I was able to get a close up look of this astounding project at the Goodwood Revival where the Gull was on static. The aircraft is based at Fenland and can often be seen at Fly-ins around the country.

The Mew Gull and Comet in the Hangar at Old Warden.

The Mew Gull and Comet in the Hangar at Old Warden.

2014 really has been a year for classic air racers, with the DH88 Comet returning to our skies as well. But one of the undoubted highlights was the sight of both Mew Gulls displaying at the Shuttleworth’s race day airshow in October.

Both aircraft performed a pairs display before each having their moment to shine on their own. Both of the Gulls certainly showed their speed and pedigree, with the replica aircraft in particular roaring away as it shot across the Bedfordshire skies.

This display was made even more special with the addition of the DH88 and Vans RV7, the latter of which broke Henshaw’s Cape run record in 2010. An impressive line up of racing aircraft both past and present. Hopefully both Mew Gulls will be seen together again in the next couple of seasons.

2 thoughts on “A Pair of Percivals

  1. L.Long. says:

    I’ve only just come across your article from 2014 – ‘A Pair Of Percivals’. It’s not a bad article, but it does contain some fundamental errors.

    Firstly, neither of these a/c are Percivals as such. The incomplete final rotting and cut-up remains of ‘XF were rebuilt in the 1970’s. NO original drawing were available whatsoever. Some drawings were created at the time, but these were based on ‘XF which had already been extensively modified, crashed, rebuilt, abandoned, rotted and stripped of many parts. Fidelity was not possible. This is why ‘XF was not put back on a CAA CofA, but onto a PFA Permit at that time as a replica, the one concession being that they were allowed to retain the original registration. Today, as ‘XF’s been totally rebuilt two more times, that’s about all that actually is original and as far as the LAA are concerned, it’s a ‘Replica’. (HEKL, being based on today’s incarnation of ‘XF, is therefore a replica – of a replica.). Alex Henshaw, who part-funded the rebuilding of ‘XF back to Cape Configuration after Des Penrose’s first crash, was well aware of all this.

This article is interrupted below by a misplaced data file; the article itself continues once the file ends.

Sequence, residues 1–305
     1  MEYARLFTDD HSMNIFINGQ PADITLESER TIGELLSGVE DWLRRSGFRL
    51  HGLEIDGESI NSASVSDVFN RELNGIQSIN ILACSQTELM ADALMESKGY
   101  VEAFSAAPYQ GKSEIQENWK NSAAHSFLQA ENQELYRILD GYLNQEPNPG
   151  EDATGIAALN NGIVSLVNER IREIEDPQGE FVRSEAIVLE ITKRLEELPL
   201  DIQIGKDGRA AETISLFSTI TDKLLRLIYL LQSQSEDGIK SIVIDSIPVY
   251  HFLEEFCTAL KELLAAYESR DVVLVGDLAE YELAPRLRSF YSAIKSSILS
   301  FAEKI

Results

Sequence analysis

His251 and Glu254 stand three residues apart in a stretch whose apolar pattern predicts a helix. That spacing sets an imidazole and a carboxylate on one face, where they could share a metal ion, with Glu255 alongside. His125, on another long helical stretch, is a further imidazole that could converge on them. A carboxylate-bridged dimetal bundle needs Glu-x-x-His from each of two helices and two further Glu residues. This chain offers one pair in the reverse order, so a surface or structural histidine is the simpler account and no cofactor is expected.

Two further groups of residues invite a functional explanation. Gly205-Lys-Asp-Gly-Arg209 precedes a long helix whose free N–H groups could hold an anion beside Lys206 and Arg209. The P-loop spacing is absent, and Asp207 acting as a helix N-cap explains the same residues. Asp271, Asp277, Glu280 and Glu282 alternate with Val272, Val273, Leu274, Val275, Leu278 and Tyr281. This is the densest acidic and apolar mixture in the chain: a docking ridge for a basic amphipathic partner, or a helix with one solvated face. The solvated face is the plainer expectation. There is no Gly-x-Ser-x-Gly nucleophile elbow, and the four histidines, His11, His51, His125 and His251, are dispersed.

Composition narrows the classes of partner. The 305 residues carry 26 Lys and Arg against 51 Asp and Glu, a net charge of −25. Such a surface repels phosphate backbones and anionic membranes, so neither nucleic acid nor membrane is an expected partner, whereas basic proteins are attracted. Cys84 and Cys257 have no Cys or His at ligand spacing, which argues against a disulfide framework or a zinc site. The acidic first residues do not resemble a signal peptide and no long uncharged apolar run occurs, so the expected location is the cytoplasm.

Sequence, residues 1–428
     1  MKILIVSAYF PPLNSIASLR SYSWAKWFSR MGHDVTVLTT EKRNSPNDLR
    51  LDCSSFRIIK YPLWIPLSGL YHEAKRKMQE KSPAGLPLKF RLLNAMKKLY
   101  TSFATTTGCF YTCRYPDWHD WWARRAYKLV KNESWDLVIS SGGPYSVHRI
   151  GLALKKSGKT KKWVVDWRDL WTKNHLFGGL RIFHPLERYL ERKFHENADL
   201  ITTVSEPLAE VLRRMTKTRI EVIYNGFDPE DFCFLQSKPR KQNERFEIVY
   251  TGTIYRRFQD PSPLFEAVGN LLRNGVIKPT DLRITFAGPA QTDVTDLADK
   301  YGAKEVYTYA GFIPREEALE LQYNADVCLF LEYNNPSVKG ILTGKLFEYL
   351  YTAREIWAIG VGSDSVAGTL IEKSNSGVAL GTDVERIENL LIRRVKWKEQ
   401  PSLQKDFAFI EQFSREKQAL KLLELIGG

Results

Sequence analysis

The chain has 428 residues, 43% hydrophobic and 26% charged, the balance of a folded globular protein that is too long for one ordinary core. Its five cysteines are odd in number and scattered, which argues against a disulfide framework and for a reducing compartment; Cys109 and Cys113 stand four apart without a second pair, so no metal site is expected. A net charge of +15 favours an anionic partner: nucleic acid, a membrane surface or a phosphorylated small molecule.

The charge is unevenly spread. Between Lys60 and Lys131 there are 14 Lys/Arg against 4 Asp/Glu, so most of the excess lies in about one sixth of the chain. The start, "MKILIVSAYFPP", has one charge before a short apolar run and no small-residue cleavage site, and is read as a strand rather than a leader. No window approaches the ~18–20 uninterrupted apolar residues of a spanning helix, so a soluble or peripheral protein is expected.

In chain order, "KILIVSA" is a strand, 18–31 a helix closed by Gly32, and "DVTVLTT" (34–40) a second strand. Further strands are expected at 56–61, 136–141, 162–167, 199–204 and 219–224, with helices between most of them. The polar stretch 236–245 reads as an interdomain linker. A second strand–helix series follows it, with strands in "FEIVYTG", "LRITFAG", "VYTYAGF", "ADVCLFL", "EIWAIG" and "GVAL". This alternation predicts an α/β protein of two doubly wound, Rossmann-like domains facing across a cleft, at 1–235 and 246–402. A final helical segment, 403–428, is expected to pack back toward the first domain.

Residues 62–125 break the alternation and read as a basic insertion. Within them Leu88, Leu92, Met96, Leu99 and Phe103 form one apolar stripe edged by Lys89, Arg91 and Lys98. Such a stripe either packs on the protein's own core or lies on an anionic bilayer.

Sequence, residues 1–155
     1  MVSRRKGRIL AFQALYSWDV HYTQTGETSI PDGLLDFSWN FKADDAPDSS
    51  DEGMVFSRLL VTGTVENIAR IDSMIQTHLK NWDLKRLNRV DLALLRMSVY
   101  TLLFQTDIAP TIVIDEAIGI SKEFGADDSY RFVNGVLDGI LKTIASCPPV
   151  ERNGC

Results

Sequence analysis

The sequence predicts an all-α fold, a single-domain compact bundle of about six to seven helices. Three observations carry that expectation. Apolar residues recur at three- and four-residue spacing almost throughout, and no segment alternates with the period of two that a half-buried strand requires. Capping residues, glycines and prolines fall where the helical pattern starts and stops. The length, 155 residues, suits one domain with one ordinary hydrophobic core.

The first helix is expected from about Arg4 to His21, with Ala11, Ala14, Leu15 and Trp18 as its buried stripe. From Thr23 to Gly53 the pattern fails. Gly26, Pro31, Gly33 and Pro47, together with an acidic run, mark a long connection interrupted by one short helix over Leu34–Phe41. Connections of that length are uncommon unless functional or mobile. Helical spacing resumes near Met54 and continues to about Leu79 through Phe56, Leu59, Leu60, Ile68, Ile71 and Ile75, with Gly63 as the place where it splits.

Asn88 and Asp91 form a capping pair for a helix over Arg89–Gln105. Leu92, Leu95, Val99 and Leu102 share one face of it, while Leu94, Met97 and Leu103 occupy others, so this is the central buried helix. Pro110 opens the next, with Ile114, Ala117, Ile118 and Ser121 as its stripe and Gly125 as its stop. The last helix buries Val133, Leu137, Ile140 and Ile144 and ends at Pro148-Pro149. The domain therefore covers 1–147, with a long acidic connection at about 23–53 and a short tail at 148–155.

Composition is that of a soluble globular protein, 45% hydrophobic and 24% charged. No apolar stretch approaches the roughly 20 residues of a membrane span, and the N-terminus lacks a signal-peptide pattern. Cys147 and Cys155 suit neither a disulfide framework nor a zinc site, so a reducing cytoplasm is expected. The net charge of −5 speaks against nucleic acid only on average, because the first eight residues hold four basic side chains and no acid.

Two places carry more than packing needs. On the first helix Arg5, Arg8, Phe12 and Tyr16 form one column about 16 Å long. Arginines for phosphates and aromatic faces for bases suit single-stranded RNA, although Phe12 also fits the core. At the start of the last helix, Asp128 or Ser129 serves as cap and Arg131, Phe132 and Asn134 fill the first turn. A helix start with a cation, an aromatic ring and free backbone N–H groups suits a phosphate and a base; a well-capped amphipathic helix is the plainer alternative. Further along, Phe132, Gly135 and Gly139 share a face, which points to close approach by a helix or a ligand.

With regard to the original ‘XF’s pre-war modifications, most of the visual modifications were carried-out for the 1938 Kings Cup, not specifically the Cape Record. After the 1938 Kings Cup event, further modifications, mostly not readily apparent, were made, such as the coupe being hinged rather than removable – but retaining the actual ’38 Kings-Cup canopy shape.

    You were correct in asserting that there were a total of six Mews built, but the last, G-AFAA, was built at Luton, shortly after the Percival Company’s move there, not Gravesend.


  2. Warbird Tails says:

    Hi there,

    Thanks very much for your detailed account. I think I alluded to the colourful history that the “original” Mew Gull has experienced. While I know there are unlikely to be many original parts remaining any aeroplane that flies over a significant period is likely to become something of a “triggers broom” scenario. For me, the aircraft continues the story, which in many ways is the “soul” of the identity.

    Replica or not – they are still a Percival based design – after all, the various Sopwith replicas around the world are referred to as such…let’s not even start on Spitfires!

    Thank you for your comments and I appreciate the added details.